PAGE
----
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March 13, 2018

Roberto Casamonti collection

In the heart of Via Tornabuoni, a new place dedicated to modern and contemporary art

Lucio Fontana used to say: “The difficult thing was not so much to make my paintings as to keep on making them when nobody wanted them”. Following your nature, instinct, passion even when nobody believes in you. This has always been the modus vivendi of Roberto Casamonti, art collector and art gallery owner, strictly in this order. He still goes on pursuing this way of life, with a new exciting project: the creation of a modern and contemporary art museum in a Renaissance exhibition space in the heart of the city, which will be open to the public free of charge from March.

On show on the main floor of Palazzo Bartolini Salimbeni- the magnificent building designed by Baccio D’Agnolo with an incredibly modern façade for the time it was built and located close to Via de’ Tornabuoni where Casamonti opened his first art gallery- are his paintings, the ones he will never sell. They will be showcased in two separate exhibitions. The first one features works ranging from the early 1900s to the early 1960s (running from March 2018 to spring 2019), the second exhibition, from the 1960s to the present day. We met with him on the eve of the vernissage.

We were surrounded by works by Fattori, Marini, Morandi, de Chirico, Savinio, Casorati, Picasso, Leger, Soutine, Klee, Chagall, Ernst, Kandinsky, Dorazio, Vedova, Capogrossi, Burri, Klein, Castellani, Manzoni… Fontana. “I bought about 35 works by Fontana, when you could buy them for a few hundred lire….”

How did you develop a passion for art, before it became a business?
At the age of ten, when I was still a boy: I went with my father Ezio to the sudio of Ottone Rosai, who was painting my father’s portrait. Silent and sitting there by myself, I looked raptly at that studio thick with dust and color, I sucked in the smell of trichloroethylene and of the rags used to clean the paintbrushes. There and then, I decided that that would be my world. Some years later, I was with my father again when he picked the first works by Tuscan masters Ardengo Soffici and Lorenzo Viani. Then came the painitings by Felice Casorati and Carlo Carrà, Giorgio de Chirico. That was my father’s world, I chose to go beyond, for I was attracted to different, stronger and more contemporary languages: Fontana’s cuts, Burri’s combustions, Rotella’s posters, Boetti, who would later become a friend of mine…

When did you feel the need to pursue this new project?
I wanted to share the beauty, the artists and the works I had fell in love with throughout my life. Each and every piece on show was love at first sight, the kind of passion that you cannot ignore. None of the pieces are on sale, none of the ones on show here today, nor any of those that will be showcased at the second exhibition: it is my personal collection, paintings that represent a special memory or moment or person in my life. And I’m very pleased to see all my pieces here, one by one, hanging from these walls. But I’m not pursing a personal goal: I just want to share this heritage with Florentines and with those who choose Florence as a travel destination. I wish to show that Florence is also about contemporary art, contrary to those who believe that the city thrives by looking back at the amazing Renaissance age.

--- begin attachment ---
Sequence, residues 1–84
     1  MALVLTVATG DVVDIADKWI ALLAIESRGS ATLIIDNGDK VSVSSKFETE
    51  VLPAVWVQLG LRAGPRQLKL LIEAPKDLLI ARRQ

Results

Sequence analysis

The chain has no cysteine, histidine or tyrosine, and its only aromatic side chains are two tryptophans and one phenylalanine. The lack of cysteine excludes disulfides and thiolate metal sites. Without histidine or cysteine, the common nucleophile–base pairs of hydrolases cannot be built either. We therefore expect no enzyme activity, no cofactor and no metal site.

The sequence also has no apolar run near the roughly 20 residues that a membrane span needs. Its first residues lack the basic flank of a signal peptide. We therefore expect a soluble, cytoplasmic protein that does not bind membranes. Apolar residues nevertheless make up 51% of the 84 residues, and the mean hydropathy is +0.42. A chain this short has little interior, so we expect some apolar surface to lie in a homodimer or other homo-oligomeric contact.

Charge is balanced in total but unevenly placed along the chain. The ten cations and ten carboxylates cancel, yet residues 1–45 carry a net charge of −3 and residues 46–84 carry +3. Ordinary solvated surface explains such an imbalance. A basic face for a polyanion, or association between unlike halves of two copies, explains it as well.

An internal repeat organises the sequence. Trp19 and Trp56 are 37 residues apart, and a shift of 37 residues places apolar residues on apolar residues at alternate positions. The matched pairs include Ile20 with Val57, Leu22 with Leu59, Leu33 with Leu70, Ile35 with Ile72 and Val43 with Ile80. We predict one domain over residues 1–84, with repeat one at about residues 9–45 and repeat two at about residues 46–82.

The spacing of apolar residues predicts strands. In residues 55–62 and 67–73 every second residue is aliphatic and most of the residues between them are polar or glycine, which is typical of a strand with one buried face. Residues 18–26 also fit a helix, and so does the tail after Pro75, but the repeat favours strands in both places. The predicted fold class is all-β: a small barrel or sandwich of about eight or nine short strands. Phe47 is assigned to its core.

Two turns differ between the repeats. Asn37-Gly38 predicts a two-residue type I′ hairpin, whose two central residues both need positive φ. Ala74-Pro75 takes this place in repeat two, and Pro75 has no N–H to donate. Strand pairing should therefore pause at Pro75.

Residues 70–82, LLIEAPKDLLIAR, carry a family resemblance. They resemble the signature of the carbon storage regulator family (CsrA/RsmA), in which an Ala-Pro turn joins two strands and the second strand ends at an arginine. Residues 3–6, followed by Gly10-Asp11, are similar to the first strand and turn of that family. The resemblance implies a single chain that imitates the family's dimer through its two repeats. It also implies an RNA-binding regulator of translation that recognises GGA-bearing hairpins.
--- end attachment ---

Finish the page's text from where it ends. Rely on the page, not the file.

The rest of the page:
Why did you choose Palazzo Salimbeni?
Life offers you some opportunities: this Palazzo chose me. Had I not found such a fascinating place, just 100 meters away from the spot where I opened my first art gallery, I would have probably never embarked on this venture. I had not planned to purchase the first floor of this amazing palazzo designed by Baccio d’Agnolo. But then renovation works on the rooms ended up being so complex and extensive that my son and I decided to buy them and restore them to their original splendor: it is a beautiful, historic place with perfectly harmonious Renaissance views. A special place for my works.

The first and latest piece you bought?
The first one…at the age of 16. The latest one, two months ago: a fellow-art gallery owner brought a painting by Casorati to the art show in Bologna, it is more beautiful than the ones I own, and I have eight Casorati works. I told him: “Put it immediately away, it’s sold”. It is hanging here in the first room. But each of these paintings has a story. It took me four years to lay my hands on the black and white Kounellis on show here: it belonged to a friend of mine who complained about the size. But he would never tell me the price. He would invite me over for dinner, we discussed art, he asked me for advice..but he would not give me the work. So, one day I said: “Don’t call me anymore unless you are willing to sell me the painting”. It’s here now.

Do you love both modern and contemporary art?
Of course, otherwise I would be an antique dealer. Art meant as pure beauty is timeless. I was thrilled at the sight of both the Riace Bronzes and Guernica. But every age has its own language and I am mostly focused on contemporary artists.
Are there any promising names right now?
I don’t have a crystal ball. If I had any idea who’s the next Picasso, I would buy only his works. But there are some contemporary artists whom I am very fond of: Francesca Pasquali, Franco Ionda, Pintaldi… very talented.
As you said once, Beauty will save us….Florence’s most beautiful corner, according to Roberto?
Everything in Florence is beautiful: the streets, squares, Piazzale Michelangelo, San Miniato.. I own art galleries in London, Paris, Switzerland. I travel the world for business. But my place is here, I was born in Ponte a Ema, Bartali’s hometown.
 

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